During his talks with French President Francois Hollande, both the leaders agreed on a joint development of defence equipment as unmanned underwater vehicles. Japan has already agreed with Australia to make vessel fluid dynamics a subject for their joint research. The Yomiuri Shimbun observed in its editorial: “Such bilateral cooperation in the field of defense equipment will not only improve defense technology, but also curb development costs. The efforts are likely to embody a “proactive contribution to peace,” a diplomatic policy pursued by the Abe administration.” The editorial urged the administration to “collect intelligence in earnest and carry out the necessary discussions to determine what defense equipment and technology should be developed to maximize the benefits for both parties in an agreement.”
In a joint press conference with Hollande, Abe said that the two countries will promote cooperation in research and development for fast reactors, a next-generation nuclear reactor technology. Highlighting the severe security environments in both Europe and East Asia, both the leaders agreed on the security cooperation and Abe was happy to get Hollande’s support for his proactive contribution to peace. Abe made an apparent reference to tensions between Japan and China in the East China Sea while observing “I hope for stability in the East China Sea” and stressed the importance of “dialogue” as the only means to settle the issue.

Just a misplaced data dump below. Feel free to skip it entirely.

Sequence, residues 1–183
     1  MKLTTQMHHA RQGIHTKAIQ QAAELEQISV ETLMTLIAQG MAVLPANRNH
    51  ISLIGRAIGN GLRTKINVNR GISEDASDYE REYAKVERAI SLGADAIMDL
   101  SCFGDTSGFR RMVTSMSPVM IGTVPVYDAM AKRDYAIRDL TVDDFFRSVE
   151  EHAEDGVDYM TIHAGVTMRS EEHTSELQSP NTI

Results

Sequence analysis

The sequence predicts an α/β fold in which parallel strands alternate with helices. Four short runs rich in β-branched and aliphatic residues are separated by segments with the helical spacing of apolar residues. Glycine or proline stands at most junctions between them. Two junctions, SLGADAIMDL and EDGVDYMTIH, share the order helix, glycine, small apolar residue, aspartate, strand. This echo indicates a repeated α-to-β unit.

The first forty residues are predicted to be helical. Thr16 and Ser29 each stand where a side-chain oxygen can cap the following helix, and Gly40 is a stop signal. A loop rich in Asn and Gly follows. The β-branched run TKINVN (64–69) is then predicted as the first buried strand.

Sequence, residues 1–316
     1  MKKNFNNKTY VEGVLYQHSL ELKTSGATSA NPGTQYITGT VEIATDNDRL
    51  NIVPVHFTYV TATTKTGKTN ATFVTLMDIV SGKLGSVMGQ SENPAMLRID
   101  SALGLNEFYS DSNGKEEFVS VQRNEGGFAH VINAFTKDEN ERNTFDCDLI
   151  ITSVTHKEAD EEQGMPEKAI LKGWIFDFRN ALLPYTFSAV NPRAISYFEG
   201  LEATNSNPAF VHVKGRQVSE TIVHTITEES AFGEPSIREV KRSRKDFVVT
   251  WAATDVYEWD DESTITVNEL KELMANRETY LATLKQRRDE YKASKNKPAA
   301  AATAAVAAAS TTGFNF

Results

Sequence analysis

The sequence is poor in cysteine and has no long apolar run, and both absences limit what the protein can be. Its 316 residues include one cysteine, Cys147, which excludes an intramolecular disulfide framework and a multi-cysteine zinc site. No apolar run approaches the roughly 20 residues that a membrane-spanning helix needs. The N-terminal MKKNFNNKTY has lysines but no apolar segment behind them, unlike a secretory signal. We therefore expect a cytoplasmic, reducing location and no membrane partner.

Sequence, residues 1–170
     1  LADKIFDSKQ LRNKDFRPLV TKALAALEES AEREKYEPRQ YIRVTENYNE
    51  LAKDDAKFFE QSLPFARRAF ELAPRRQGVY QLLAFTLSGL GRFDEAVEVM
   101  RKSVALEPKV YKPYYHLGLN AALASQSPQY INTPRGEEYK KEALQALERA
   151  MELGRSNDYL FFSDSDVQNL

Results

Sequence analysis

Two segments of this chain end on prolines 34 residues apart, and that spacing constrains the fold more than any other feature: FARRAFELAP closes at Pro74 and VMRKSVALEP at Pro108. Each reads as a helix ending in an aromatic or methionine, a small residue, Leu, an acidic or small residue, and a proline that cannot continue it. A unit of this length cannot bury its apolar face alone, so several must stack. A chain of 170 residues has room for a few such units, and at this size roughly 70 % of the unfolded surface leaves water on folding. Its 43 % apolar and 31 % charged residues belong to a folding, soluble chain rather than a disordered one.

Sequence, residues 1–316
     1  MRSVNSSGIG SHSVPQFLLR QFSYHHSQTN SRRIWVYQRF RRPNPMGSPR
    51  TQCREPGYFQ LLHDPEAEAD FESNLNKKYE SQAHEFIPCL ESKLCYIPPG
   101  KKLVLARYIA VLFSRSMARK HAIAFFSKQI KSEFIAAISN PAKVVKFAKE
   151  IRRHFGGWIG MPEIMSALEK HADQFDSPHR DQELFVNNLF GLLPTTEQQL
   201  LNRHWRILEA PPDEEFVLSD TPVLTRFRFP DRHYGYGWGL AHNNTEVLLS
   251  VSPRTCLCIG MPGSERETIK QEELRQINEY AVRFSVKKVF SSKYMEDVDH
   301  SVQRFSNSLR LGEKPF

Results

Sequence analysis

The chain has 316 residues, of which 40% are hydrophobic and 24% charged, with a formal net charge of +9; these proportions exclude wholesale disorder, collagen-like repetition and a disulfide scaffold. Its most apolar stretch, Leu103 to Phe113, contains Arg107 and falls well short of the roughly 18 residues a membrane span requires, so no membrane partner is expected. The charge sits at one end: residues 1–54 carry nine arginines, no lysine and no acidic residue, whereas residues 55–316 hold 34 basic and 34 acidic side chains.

Both the leaders also talked about nuclear test project. France has evinced interest to test its latest nuclear technology, called Astrid, in Japan’s Monju reactor which has been shut down since an industrial accident there in 2010. The anti-nuclear group Sortir du Nucleaire, or Nulcear Phase-out, called on French lawmakers to stand against any kind of agreement that would further this technology. It alleged that the Astrid reactor uses the same technique as the Superphoenix, a prototype that was tested near Lyon and shut down in 1998.
One of the major foreign policy planks of the Abe administration has been to give priority to maintain the international order and promote free trade. With this view, Abe’s European sojourn was to give momentum to further solidify strategic relations. During talks with his British counterpart David Cameron, both leaders agreed to launch the two-plus-talks between their foreign and defence secretaries at an early date and promote joint development of defence equipment and technology. Japan has similar 2+2 dialogue with India. Technology for protective clothing against chemicals was among their immediate joint development projects. The agreement was in accordance with the new “three principles on transferring defense equipment” that the Cabinet approved in April by replacing the previous three principles on arms exports. A joint statement issued by both the leaders also clearly stated their commitment to the freedom of navigation and over flight.